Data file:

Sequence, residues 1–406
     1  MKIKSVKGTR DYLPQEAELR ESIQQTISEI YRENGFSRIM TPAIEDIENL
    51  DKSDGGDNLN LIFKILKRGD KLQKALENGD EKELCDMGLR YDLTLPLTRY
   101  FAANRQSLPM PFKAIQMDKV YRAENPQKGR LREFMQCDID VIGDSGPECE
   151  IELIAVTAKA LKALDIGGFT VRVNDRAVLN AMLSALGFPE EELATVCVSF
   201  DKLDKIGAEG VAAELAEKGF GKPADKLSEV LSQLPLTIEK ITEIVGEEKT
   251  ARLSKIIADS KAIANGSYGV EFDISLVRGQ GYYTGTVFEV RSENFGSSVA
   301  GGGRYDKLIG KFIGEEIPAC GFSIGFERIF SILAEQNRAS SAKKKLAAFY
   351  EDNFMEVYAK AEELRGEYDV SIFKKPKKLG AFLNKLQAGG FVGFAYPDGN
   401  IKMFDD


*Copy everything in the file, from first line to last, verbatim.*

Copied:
Sequence, residues 1–406
     1  MKIKSVKGTR DYLPQEAELR ESIQQTISEI YRENGFSRIM TPAIEDIENL
    51  DKSDGGDNLN LIFKILKRGD KLQKALENGD EKELCDMGLR YDLTLPLTRY
   101  FAANRQSLPM PFKAIQMDKV YRAENPQKGR LREFMQCDID VIGDSGPECE
   151  IELIAVTAKA LKALDIGGFT VRVNDRAVLN AMLSALGFPE EELATVCVSF
   201  DKLDKIGAEG VAAELAEKGF GKPADKLSEV LSQLPLTIEK ITEIVGEEKT
   251  ARLSKIIADS KAIANGSYGV EFDISLVRGQ GYYTGTVFEV RSENFGSSVA
   301  GGGRYDKLIG KFIGEEIPAC GFSIGFERIF SILAEQNRAS SAKKKLAAFY
   351  EDNFMEVYAK AEELRGEYDV SIFKKPKKLG AFLNKLQAGG FVGFAYPDGN
   401  IKMFDD